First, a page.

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I've got a port exception that I've added to Windows Firewall. And under Scope, I'm able to add specific IP addresses allowed, each separated by a comma. The problem is, how can I enter a range of IPs?

I don't mean 192.168.1.0/24 kind of thing. I have a user who's IP keeps changing, and they're located in Austria. Their IP is always 91.113... I'd basically like to allow that.

Or, is there a better solution? I'm not keen about opening up such a wide range of IPs but his IP is changing daily and is really frusterating for everyone. Our dynamic IP here at the office in Canada only changes every 4 months, so I was hoping that it wouldn't be a big deal to restrict.

Thanks for the insights.

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5 Answers 5

You're right that it's not the best solution however if you need something quick and dirty then you could try a wildcard, for example 91.113.*.*

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thanks Marko I'll use that until I can solve it more appropriately with something like DynDNS. –  Scott Sep 16 '09 at 16:52
    
I get a "Format Not Valid" message when trying to implement wildcards. –  Scott Sep 16 '09 at 17:09
    
if it's always 91.113.*.* you can use 91.113.0.0/16 –  Daniel Dec 17 '09 at 15:27

Maybe you could get him set up with DynDNS which can use the router or a program installed on one of his computers (if the router doesn't natively support DynDNS)to keep a DNS name of his dynamic IP always updated. For instance, I use DynDNS for a small client of mine (using their simple LinkSys WRT54G that has DynDNS support built in) and I always know that smallclient.DynDNS.org (not actual domain name) is their IP. You could then do a reverse query every morning on the DNS name that you set up for him and have his true IP address. I'm sure it could be scripted on your server to reverse query that domain name, add the proper IP exception and scrub the old exception every 12 or 24 hours.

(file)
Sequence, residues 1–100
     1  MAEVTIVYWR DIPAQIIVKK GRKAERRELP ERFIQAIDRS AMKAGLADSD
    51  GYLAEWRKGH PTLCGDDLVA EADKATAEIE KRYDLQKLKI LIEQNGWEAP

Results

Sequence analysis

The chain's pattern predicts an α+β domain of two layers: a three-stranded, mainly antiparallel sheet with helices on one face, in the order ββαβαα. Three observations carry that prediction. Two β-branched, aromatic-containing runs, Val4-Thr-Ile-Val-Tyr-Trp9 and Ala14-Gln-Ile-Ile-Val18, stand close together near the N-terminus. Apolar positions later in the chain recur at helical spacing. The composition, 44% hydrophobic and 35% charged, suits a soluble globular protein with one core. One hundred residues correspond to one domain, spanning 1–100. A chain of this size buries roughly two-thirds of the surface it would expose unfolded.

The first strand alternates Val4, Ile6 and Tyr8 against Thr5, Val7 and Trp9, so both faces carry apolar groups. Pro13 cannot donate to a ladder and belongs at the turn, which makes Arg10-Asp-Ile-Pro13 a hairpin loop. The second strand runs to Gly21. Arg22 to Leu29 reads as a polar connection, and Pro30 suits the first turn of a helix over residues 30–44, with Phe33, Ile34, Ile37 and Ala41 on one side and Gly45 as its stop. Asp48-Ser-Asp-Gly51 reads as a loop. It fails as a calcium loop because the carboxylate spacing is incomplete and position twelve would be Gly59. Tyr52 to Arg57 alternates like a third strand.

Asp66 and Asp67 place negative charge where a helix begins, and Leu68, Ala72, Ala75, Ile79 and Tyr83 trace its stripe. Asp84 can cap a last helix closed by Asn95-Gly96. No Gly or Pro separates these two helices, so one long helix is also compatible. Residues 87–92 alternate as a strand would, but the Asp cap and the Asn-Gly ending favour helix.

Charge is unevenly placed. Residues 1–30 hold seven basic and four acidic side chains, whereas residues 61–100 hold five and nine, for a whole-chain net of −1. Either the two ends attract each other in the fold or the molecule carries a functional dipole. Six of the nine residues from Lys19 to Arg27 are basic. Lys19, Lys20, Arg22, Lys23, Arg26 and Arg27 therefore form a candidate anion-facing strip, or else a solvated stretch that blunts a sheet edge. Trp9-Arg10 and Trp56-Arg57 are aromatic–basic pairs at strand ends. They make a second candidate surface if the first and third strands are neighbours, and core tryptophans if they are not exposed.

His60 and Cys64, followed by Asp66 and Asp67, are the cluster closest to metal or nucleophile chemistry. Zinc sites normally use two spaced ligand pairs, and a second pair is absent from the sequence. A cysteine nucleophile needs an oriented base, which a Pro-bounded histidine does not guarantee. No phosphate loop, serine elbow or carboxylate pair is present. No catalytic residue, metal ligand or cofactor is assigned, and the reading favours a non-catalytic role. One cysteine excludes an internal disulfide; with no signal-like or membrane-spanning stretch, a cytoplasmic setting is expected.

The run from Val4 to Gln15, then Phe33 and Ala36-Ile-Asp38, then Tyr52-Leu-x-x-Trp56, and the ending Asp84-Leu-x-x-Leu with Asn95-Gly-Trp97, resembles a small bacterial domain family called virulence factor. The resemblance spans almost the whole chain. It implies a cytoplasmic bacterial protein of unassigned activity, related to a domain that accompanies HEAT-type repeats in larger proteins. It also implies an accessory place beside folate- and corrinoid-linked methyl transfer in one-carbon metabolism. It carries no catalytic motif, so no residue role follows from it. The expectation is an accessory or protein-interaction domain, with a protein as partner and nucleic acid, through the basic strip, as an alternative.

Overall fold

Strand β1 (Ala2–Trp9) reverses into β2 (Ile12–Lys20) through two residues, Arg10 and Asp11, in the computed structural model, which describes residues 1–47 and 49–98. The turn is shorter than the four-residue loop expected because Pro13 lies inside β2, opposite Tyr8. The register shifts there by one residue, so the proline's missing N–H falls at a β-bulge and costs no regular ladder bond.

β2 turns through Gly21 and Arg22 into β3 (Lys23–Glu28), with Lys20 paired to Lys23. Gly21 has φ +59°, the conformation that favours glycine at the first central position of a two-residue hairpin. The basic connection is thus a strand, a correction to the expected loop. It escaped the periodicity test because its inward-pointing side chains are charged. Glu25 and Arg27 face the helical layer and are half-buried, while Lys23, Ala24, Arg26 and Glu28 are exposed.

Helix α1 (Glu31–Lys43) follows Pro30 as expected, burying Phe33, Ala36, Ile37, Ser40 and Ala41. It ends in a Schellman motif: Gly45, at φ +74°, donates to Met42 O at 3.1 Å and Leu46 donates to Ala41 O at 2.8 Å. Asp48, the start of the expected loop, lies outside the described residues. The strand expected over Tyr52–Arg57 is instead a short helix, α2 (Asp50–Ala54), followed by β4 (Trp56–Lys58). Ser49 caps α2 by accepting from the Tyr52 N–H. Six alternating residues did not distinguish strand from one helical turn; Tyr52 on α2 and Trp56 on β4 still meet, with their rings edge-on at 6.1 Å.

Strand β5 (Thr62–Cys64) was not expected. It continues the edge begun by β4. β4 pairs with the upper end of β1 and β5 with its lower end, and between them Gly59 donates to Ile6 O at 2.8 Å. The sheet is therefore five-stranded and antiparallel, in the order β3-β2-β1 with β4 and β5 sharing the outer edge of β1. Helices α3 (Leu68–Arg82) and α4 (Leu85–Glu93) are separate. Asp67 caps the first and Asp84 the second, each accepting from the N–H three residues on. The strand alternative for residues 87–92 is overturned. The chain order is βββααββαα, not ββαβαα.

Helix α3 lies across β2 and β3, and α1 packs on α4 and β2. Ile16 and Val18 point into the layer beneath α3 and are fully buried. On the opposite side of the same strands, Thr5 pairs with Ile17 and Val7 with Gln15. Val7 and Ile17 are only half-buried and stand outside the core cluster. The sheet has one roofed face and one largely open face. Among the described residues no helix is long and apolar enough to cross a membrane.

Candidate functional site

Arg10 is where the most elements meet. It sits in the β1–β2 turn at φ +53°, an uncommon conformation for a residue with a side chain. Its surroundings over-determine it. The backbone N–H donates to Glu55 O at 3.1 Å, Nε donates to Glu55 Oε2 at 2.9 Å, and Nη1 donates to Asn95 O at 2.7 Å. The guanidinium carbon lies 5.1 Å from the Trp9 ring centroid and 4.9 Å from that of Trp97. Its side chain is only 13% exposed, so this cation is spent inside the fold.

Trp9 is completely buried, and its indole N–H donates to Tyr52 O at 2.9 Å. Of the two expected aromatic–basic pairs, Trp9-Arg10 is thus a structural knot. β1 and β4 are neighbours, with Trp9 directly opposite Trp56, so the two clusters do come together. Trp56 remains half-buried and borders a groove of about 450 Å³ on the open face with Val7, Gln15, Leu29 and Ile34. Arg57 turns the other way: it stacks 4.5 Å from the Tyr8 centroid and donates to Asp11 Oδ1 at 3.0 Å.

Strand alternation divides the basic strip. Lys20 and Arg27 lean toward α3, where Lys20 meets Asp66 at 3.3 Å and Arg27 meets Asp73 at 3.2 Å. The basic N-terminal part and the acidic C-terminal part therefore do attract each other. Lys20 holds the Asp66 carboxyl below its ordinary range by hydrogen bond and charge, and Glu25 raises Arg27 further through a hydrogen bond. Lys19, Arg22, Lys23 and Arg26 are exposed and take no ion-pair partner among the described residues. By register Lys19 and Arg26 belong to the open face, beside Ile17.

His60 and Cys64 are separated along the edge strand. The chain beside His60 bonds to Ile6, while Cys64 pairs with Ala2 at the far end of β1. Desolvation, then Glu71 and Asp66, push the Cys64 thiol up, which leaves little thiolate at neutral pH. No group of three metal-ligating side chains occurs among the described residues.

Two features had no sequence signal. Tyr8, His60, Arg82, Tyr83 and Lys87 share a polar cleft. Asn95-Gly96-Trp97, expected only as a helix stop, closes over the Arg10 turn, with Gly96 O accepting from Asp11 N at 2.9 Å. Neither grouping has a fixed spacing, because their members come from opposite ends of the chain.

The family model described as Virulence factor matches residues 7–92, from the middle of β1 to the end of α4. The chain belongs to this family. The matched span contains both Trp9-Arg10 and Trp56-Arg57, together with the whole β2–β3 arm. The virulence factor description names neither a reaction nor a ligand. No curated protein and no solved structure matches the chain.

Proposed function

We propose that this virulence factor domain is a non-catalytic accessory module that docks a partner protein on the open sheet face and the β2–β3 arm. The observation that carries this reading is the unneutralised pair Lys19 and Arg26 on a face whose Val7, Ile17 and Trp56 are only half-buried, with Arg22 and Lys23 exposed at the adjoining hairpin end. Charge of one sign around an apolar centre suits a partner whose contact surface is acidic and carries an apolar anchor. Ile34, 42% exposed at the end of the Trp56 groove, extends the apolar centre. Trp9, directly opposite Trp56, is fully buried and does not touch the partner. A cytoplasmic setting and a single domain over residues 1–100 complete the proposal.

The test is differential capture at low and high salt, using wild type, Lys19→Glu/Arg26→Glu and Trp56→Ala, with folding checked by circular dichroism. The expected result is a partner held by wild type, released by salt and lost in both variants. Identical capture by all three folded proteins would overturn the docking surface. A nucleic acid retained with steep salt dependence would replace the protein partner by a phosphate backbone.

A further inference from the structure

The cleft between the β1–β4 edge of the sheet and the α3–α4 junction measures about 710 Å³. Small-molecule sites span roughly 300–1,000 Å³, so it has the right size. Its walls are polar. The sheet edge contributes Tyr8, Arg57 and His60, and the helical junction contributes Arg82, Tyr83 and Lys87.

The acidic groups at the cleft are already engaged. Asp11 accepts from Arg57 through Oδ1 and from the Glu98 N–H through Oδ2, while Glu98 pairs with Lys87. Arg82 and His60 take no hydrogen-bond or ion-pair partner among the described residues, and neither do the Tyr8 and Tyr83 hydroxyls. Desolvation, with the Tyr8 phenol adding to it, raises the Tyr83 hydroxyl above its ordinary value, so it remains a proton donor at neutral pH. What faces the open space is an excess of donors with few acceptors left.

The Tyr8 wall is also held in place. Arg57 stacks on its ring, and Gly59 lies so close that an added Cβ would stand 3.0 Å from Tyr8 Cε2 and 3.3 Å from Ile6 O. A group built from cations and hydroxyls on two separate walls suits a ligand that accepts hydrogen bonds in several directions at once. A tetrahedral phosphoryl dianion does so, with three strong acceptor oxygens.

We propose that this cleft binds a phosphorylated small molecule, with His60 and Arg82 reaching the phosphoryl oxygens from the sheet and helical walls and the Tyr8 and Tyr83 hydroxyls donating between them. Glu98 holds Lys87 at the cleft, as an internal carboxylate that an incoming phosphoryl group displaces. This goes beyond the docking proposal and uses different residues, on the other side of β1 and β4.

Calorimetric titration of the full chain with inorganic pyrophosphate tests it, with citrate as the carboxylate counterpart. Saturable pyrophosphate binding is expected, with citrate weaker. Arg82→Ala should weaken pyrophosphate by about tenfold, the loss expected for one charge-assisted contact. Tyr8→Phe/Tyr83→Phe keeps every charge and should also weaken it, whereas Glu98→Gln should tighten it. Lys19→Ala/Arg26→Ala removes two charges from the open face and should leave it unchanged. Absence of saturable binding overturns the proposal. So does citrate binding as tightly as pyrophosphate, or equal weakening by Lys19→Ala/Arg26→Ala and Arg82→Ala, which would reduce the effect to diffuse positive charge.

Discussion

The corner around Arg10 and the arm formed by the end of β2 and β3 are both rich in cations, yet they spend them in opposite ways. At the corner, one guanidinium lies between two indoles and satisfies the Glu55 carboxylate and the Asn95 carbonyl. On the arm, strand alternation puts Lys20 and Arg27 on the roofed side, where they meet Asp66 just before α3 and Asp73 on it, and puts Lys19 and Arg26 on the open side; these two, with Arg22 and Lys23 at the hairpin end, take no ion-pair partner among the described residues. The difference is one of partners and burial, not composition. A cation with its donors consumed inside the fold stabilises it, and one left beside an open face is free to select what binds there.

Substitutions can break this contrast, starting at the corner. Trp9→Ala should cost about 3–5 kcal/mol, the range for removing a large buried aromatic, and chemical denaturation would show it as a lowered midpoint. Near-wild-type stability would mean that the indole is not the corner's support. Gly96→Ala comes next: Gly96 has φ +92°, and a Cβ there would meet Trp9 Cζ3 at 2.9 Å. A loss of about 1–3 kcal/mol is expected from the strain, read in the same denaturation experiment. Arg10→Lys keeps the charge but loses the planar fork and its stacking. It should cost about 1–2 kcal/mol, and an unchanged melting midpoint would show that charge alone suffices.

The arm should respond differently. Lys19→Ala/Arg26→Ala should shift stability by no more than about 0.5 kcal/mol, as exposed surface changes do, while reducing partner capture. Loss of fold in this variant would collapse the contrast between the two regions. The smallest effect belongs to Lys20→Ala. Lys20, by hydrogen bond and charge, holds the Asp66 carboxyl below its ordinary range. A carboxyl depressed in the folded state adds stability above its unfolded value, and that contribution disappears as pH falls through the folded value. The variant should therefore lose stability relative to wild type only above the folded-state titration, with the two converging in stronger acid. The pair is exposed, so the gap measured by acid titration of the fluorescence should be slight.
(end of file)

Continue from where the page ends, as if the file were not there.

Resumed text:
Kinda slipshod... but then isn't that what most IT projects end up being anyway? =)

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I hope I don't talk nonsense now, but wouldn't be 91.113.0.0/16 a correct notation? It's of course not the "real" range, but should cover your needs.

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I'd be wary about opening a range of addresses, especially since they are public addresses doled out to anyone who uses the same ISP. What are the chances of getting a static address from the ISP?

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unfortunately a static ip is not avail. –  Scott Sep 16 '09 at 16:51

There is certainly a better solution; don't base your security on IP addresses, try to find something else - a certificate token, username/password, ...

For the situation as is I see no other solution as playing with dynamic DNS as already suggested, or opening your firewall a lot - to cover all possible IPs you need. This is where you should ask yourself if it's worth; what security you still have then?

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